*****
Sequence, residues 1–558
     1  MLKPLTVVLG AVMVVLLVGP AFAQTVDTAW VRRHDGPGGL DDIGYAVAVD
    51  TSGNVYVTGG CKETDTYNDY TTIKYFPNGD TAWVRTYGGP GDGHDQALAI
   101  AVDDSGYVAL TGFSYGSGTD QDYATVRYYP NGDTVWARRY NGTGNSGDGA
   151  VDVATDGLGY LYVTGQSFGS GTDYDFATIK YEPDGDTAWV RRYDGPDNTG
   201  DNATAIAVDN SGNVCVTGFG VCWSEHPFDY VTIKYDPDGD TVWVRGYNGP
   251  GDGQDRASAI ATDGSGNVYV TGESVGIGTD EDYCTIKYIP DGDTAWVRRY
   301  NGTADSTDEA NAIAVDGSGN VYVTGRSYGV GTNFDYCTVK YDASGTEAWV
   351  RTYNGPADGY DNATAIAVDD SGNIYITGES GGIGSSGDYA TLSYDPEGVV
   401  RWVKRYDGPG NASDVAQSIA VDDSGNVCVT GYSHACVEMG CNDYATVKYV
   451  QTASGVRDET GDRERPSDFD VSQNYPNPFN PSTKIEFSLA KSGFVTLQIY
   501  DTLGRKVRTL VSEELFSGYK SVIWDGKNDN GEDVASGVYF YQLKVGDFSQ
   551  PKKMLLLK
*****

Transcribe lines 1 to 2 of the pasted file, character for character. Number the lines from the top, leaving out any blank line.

Sequence, residues 1–558
     1  MLKPLTVVLG AVMVVLLVGP AFAQTVDTAW VRRHDGPGGL DDIGYAVAVD